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Male Caregivers Have Special Qualities

Who comes to mind when you think of a family caregiver for an elderly person? Women have always been the primary ones who have stepped into those roles, whether they are taking care of small children or elderly parents. However, that’s changing, and there is a growing number of male caregivers in recent years.

In recent decades, gender norms in American society have started to move away from the conventional, where males are viewed as autonomous, determined, and natural problem-solvers and women are stereotyped as intrinsically nurturing and submissive. The traditional ideas of how our culture defines our responsibilities and expectations based on our gender or sex are being challenged by younger generations.

We don’t frequently think about how traditional gender roles play out as we age or what this means for male caregivers and the people they care for.

Male carers account for approximately 40% of all caregivers, according to the AARP.

According to research, there are important distinctions between men’s and women’s caregiving styles. Based on several research publications that were peer-reviewed and published in the prestigious American Journal of Men’s Health, the following is a summary of male caretaker inclinations.


Male Caregivers are Unique

  • Men are less likely to give direct personal care than women.
  • Men may find it particularly difficult to provide personal care, such as bathing, incontinence care, and grooming. For individuals who have never before provided childcare, this is especially true.
  • Male caregivers favor less physically demanding tasks like handling finances, providing transportation, and performing home upkeep.
  • Men are more likely to be task-oriented carers.
  • They are more inclined to see things like making meals, getting around, and scheduling doctor’s visits as issues that must be solved and necessitate a plan and strategy.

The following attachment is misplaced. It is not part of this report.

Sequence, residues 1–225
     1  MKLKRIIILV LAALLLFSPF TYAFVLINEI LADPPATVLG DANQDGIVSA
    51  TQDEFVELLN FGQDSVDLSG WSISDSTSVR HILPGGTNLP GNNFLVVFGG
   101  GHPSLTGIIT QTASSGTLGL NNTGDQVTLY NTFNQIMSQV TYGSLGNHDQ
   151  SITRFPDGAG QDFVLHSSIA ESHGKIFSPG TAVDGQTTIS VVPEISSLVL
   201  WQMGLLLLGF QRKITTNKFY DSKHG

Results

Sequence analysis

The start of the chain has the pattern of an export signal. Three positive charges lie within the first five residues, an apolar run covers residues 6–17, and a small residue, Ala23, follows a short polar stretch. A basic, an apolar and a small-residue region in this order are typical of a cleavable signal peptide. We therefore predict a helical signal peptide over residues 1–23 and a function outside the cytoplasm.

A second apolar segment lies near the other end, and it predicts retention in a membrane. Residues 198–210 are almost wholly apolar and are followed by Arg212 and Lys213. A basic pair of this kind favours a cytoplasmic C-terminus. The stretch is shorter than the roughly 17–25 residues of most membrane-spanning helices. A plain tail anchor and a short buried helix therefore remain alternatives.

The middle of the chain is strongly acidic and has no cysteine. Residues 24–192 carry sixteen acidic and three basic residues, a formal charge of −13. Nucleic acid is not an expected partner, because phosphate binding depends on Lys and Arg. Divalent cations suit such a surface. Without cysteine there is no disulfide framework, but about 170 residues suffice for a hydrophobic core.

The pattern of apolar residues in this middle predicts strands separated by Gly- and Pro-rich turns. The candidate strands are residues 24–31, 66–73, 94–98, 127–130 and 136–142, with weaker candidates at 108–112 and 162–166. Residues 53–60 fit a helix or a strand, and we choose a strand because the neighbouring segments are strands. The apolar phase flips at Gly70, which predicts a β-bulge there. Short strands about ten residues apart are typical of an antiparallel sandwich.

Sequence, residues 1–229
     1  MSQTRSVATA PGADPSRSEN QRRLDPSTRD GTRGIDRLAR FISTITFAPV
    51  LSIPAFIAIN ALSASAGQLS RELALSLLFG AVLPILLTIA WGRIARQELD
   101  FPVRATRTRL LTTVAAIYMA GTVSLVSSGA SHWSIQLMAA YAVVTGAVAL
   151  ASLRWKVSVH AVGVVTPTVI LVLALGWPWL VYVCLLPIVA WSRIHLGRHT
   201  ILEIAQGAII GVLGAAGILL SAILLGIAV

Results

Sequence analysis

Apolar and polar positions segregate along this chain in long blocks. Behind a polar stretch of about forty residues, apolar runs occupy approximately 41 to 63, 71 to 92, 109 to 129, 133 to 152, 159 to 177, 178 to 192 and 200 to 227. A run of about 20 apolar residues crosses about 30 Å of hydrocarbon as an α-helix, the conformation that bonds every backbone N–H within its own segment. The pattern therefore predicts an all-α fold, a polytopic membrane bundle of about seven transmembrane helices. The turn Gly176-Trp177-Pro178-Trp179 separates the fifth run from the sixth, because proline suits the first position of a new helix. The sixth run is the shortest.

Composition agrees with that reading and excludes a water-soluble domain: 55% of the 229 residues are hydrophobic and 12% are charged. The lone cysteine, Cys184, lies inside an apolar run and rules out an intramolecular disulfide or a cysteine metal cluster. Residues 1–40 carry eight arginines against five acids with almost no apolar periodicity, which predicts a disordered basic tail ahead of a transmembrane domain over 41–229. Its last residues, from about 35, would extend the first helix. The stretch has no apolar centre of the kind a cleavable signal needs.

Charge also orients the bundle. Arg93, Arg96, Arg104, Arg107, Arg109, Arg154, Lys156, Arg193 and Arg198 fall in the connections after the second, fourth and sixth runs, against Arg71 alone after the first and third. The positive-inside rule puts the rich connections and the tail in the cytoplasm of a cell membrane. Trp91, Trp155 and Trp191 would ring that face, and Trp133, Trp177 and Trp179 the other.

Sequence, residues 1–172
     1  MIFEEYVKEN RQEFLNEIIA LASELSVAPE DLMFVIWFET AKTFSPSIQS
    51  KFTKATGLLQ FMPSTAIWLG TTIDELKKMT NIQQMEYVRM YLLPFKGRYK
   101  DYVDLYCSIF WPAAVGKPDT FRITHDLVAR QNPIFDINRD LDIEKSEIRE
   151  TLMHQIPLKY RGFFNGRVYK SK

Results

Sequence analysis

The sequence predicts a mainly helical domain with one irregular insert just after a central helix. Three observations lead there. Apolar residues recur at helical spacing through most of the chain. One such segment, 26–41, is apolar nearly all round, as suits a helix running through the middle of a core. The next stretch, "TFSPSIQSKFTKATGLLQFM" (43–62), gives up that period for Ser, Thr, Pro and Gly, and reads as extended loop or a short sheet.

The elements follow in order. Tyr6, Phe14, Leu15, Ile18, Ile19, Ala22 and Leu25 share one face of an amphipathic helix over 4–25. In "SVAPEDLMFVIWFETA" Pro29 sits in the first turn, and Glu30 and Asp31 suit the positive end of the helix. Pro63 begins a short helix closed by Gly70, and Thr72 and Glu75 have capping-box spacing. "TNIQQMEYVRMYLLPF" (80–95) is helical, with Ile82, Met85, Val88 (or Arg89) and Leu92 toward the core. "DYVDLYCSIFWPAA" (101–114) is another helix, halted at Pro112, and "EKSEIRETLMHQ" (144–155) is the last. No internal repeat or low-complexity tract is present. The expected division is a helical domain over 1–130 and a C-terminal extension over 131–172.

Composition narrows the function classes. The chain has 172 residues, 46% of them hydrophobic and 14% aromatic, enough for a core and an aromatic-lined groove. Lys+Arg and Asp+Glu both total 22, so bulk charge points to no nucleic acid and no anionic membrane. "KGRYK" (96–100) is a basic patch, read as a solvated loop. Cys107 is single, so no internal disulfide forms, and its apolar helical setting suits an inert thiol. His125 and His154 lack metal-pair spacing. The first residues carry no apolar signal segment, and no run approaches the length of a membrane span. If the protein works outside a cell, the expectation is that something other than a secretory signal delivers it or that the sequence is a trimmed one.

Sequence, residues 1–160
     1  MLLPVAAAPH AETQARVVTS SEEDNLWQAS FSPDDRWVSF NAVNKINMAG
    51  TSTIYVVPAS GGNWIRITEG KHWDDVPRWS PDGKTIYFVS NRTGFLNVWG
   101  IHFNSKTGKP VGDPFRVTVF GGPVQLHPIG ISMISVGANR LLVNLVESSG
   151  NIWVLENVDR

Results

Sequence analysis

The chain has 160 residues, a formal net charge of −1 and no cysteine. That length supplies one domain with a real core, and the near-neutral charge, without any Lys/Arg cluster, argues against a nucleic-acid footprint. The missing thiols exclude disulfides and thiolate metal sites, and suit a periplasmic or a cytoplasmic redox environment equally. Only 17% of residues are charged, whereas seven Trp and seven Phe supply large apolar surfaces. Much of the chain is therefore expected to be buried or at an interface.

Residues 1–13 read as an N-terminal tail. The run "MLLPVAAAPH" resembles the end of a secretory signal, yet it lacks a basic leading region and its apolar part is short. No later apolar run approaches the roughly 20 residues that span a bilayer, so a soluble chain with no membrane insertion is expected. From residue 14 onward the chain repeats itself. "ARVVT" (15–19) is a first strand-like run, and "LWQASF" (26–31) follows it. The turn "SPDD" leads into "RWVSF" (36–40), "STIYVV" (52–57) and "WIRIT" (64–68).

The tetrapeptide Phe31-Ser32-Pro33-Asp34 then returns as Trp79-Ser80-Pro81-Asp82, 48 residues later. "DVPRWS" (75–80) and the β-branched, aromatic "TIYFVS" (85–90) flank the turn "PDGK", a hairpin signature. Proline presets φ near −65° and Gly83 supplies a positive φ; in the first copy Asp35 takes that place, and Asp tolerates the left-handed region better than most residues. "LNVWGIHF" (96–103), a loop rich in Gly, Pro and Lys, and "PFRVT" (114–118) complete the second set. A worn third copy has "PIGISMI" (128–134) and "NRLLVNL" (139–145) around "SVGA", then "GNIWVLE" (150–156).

In order to actively improve a condition, the emphasis has to be on planning and problem-solving. This pragmatic and logistical viewpoint naturally entails less emotional processing and men tend to be good caregivers for this reason.

This is distinct from the emotion-focused strategy that women tend to employ more frequently, whereby they make an effort to reduce their stress by adopting a cheerful perspective, embracing spirituality, or seeing caregiving as a stimulus for personal development.


Male Caregivers Experience Burnout Less Often

While research has shown that both task-focused and emotion-focused caring strategies relieve stress, emotion-focused caregiving has longer-lasting effects that can lead to burnout.

Less often than women, men don’t express or disclose the emotional toll of providing care.

According to research, support groups are especially helpful for male caregivers in fostering a sense of community and camaraderie. Many male carers who value learning practical tips and resources respond better to support groups advertised as instructional.

Men and women alike need to express their frustrations and feel encouraged in order to know they are not alone. Caregiving may be a lonely road.

The future of caregiving will heavily rely on male carers.

Nearly two-thirds of people with Alzheimer’s disease are women, according to the Alzheimer’s Association. Alzheimer’s and other dementia diagnoses are anticipated to increase as Baby Boomers age.

Accordingly, women will no longer make up the majority of caregivers in the upcoming decades as the number of male caregivers increases.

Therefore, depending on how gender roles and caring responsibilities were socialized throughout their lives, male caregivers may have a unique perspective.

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